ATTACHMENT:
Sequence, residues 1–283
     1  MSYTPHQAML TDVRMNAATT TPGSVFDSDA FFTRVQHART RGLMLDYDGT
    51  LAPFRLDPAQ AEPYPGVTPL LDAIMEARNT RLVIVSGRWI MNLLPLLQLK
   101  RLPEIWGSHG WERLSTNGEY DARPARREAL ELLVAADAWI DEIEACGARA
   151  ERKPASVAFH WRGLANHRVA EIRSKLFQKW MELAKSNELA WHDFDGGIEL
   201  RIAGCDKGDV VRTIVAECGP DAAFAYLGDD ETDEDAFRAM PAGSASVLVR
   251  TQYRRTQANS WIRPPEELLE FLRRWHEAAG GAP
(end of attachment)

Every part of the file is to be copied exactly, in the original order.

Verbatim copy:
Sequence, residues 1–283
     1  MSYTPHQAML TDVRMNAATT TPGSVFDSDA FFTRVQHART RGLMLDYDGT
    51  LAPFRLDPAQ AEPYPGVTPL LDAIMEARNT RLVIVSGRWI MNLLPLLQLK
   101  RLPEIWGSHG WERLSTNGEY DARPARREAL ELLVAADAWI DEIEACGARA
   151  ERKPASVAFH WRGLANHRVA EIRSKLFQKW MELAKSNELA WHDFDGGIEL
   201  RIAGCDKGDV VRTIVAECGP DAAFAYLGDD ETDEDAFRAM PAGSASVLVR
   251  TQYRRTQANS WIRPPEELLE FLRRWHEAAG GAP